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Marquette Township has few options in dealing with budget

Marquette Township’s proposed 2018 budget is yet again a tight one, and in an effort toward establishing a healthier financial position, the board is considering a cut to police coverage.

Police protection is surely a top concern for many residents, no matter where you live. But short of asking taxpayers for a millage to fund the desired service, the township seems to have few other ways of dealing with its budget woes.

It is unfortunate, but these are the types of cuts municipalities are being forced to consider in this day and age, when the costs to provide services are steadily on the rise and the revenues needed to pay for those services have not matched the upward trend, or are gradually being diminished.

We’ve heard plenty of local officials opine about how reduced state revenue sharing over the past few years has affected their budgets and that certainly is a contributor to the tightening of purse strings for many municipalities. Moreover, Marquette Township has been on the receiving end of some bumps and bruises when it comes to finances, particularly those related to decisions made by the Michigan Tax Tribunal.

It’s likely one of the top-ranked municipalities in the Upper Peninsula that’s been most impacted by tax tribunal rulings with regards to the “dark store” loophole, through which commercial businesses have successfully cut their property values and the subsequent tax payments to the local government.

Those property values will remain at the lower levels for a long time, and that means fewer tax dollars and revenue trickling into the municipality’s bank account for many years.

The unfortunate result is local officials are forced to look at ways they can save money and one of those for Marquette Township might be cuts to funding for police services.

Lacking a police department of its own, the township contracts for law enforcement with the Marquette County Sheriff’s Office.

The township currently pays for 80 hours a week of coverage and that expense is projected to be slightly more than $195,000 in the 2018 budget. That’s up about $15,000 from three years ago, when in 2015 the expense was just shy of $180,000.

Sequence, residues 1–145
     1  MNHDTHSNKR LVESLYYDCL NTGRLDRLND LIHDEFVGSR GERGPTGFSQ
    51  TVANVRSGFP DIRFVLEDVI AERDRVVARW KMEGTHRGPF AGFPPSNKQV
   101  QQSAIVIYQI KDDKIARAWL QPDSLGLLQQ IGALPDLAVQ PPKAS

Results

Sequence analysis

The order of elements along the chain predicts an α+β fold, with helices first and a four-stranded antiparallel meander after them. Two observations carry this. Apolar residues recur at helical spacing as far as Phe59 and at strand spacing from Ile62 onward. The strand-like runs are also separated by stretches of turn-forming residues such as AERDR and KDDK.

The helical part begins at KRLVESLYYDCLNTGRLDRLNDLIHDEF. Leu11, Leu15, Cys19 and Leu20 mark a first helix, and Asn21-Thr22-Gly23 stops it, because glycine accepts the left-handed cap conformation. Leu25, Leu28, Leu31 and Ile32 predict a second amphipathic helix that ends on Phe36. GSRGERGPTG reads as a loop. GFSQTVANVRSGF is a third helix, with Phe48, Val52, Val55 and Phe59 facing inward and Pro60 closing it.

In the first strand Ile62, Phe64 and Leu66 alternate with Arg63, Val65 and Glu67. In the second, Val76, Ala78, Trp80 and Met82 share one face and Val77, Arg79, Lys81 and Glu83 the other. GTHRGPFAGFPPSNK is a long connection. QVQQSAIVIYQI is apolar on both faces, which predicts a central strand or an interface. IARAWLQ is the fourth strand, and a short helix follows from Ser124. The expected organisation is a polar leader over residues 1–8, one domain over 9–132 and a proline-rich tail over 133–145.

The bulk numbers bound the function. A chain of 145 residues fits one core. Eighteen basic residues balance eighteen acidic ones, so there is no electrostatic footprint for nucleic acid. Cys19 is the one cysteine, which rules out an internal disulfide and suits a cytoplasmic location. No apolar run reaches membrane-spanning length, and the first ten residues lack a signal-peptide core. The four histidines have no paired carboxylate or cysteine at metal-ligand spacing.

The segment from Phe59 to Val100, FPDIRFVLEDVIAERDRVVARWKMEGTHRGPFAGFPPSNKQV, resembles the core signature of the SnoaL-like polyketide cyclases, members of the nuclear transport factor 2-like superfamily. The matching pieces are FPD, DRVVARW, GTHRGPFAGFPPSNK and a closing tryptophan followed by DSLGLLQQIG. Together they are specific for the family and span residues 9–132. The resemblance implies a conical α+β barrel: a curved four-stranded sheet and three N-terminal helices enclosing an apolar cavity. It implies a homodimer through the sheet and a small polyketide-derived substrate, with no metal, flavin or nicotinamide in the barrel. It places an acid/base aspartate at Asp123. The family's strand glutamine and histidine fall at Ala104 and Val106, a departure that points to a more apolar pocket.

Now, on one side of this, a number of offenses, accidents and complaints have increased since last year, which most people would see as a need to follow up with an increase in law enforcement, rather than a reduction to it. Actually, that’s what the board did a few years back.

In 2015, the township saw an uptick in police-related issues and decided to increase its contracted coverage by 20 hours a week, bringing the enforcement to 80 hours, where it currently stands today.

Unfortunately, due to budget constraints, increasing the coverage for 2018 isn’t an option and maintaining its current level may not be the best route to take, either.

Many municipalities have mutual aid agreements with their neighbors, and that allows for the sharing of first responder services across borders.

The Marquette County Sheriff’s Office already has jurisdiction over Marquette Township, which is just a few miles from where the sheriff’s office is physically located. Meanwhile, there are other police departments nearby with the ability to respond should a serious issue require their help.

The sheriff’s office has done a fine job policing the township and if the township had the ability to increase coverage, we’re sure it wouldn’t pass on the opportunity. But when the money is not available, there isn’t much you can do.

The township estimates it will save $45,000 by reducing its police coverage to 60 hours per week, back to the pre-2015 level. At this time, it seems to be a wise fiscal decision, and something the township can re-evaluate in the coming years when, hopefully, it might have more revenue to play with.